Here’s the steps I used in my Mac to download Native Oberon and into a file on my desktop called “NativeOberon-Standalone”. Open the macOS Terminal application. I assume you’ve got a Unix command called wget already installed5.

       mkdir -p Desktop/NativeOberon-Standalone
       cd Desktop/NativeOberon-Standalone

Clone your FreeDOS Box first. You’ll want to do a “Full Clone”. You’ll also want to “remove disk from virtual drive” for any optical discs or floppies. You do that from the virtual boxes’ detail page and clicking on the drive and picking the “Remove disc from virtual drive” in the popup menu.

At this point we have a virtual machine that is very similar to an 1999 era PC installed with MS DOS. Normally you’d install Native Oberon via 1.44MB floppy discs. In the folder of you downloaded there is disc image called “oberon0.dsk”. This is used to install a minimal Oberon System. What about the rest of the Oberon System? How do we get the rest of the files onto a virtual floppies? This wasn’t obvious to me at first.

Making the floppy disc images on macOS

Use can use “Disk Utility” to create floppy disc images on a Mac. Unlike creating CD images you want to first use the blank image. From the menu click on File -> New Image -> Blank Image (or use the shortcut command key and “N”). You should then see a model dialog box. This dialog lets you set the name of the image file. You need to set the size to “1474560 B”. Set format “MS-DOS (FAT)”. Set encryption of none. Set partition type of “Single partition - Master Boot Record” and image format set to “read/write”. Once the disc image is created you can then mount the empty disc image by clicking on it in finder. Next drag the appropriate file(s) into the image. Unmount (eject) the image. At the point you should have a floppy image suitable to mount from the Virtual Box VM’s “floppy drive”.

Making the floppy disc images on Linux

On Linux I used the mkfs.mkdos with the “-o” option to set the image name and just created the images from the folders with each folder holding the appropriate file.

Making the floppy disc images from FreeDOS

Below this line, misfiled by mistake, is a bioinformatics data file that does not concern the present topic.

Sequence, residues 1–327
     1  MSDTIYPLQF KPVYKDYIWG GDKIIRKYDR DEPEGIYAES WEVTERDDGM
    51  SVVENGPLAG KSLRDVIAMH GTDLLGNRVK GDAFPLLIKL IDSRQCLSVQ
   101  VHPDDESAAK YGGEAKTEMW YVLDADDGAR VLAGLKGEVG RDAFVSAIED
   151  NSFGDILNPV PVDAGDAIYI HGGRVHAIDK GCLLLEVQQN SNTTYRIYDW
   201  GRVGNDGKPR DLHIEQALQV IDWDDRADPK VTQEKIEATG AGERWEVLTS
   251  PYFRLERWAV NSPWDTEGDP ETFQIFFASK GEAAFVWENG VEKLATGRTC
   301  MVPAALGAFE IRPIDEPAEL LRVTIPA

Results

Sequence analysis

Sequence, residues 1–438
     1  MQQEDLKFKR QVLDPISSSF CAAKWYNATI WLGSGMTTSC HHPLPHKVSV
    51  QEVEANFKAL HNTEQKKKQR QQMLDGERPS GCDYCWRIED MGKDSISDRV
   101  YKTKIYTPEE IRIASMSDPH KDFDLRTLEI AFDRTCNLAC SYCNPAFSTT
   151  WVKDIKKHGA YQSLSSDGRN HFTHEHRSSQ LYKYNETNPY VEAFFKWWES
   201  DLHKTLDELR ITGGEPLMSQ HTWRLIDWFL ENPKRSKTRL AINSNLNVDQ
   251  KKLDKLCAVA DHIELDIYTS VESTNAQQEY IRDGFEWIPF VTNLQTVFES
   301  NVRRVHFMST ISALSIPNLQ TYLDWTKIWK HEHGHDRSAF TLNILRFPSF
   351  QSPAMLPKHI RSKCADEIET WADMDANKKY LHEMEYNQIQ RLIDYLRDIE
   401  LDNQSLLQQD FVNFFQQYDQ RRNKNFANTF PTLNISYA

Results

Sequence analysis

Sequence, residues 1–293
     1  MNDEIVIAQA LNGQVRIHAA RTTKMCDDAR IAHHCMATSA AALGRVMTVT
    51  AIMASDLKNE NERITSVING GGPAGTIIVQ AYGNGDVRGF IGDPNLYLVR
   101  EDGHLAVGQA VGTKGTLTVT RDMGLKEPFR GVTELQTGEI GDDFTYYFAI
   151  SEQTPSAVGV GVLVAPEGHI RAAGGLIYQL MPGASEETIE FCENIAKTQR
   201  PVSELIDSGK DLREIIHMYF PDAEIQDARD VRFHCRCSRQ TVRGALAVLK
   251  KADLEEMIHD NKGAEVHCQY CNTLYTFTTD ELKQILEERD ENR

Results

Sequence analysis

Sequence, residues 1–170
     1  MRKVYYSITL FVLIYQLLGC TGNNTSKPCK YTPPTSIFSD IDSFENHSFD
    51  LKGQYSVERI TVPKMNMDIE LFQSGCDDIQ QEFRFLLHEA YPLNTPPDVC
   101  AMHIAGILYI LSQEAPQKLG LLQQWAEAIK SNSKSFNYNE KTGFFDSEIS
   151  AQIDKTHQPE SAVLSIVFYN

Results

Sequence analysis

Another approach would is to use FreeDOS. I create an iso image of the Oberon installation directory and mounted that as a CD under FreeDOS. Next I used Virtual Box’s “create a new floppy disc” to create an empty unformatted 1.44 MB disc which I think formated using the DOS command “format a:”. Once completed I copied the files to the “a:” drive also using the DOS copy command.

In either case make sure the formatted floppy disc images are FAT12 or FAT16. FAT32 came about after this version of Oberon was developed so it may not be readable for installation.

Organizing the install discs

The Oberon install discs were organized as follows. The “oberon0.dsk” is initial disc to install a minimal Oberon System. Once it’s installation is complete (described in install.txt in the Oberon System 3 Stdalone directory) you can then follow the steps to install the rest of the system, source code and documentation. E.g. gadgets1.arc contains the install for Gadgets desktop environment and is an interesting look at how Oberon took a different path for (similar to RISC OS) for a GUI.

sizes are in MB, compressed, then uncompressed
Oberon-0 oberon0.dsk 1.4 0
Gadgets gadgets.arc 1.4 (2.9) 1
Documentation docu.arc 1.3 (2.5) 2
Applications apps.arc 1.3 (2.8) 3
Tutorials tutorial.arc 0.3 (0.8) 4
Pr3Fonts pr3fonts.arc 0.3 (0.6) 4
Pr6Fonts pr6fonts.arc 0.5 (1.8) 4
Source1 source1.arc 0.9 (2.5) 5
Source2 source2.arc 1.2 (3.5) 6
Source3 source3.arc 0.6 (1.7) 7

  1. FreeDOS is an Open Source implementation of PC/MS DOC↩︎

  2. Native Oberon is a 1990’s version of Oberon System running on i386↩︎

  3. Download FreeDOS from↩︎

  4. Download Native Oberon Stand Alone from↩︎

  5. wget is easily installed with HomeBrew or Mac Ports↩︎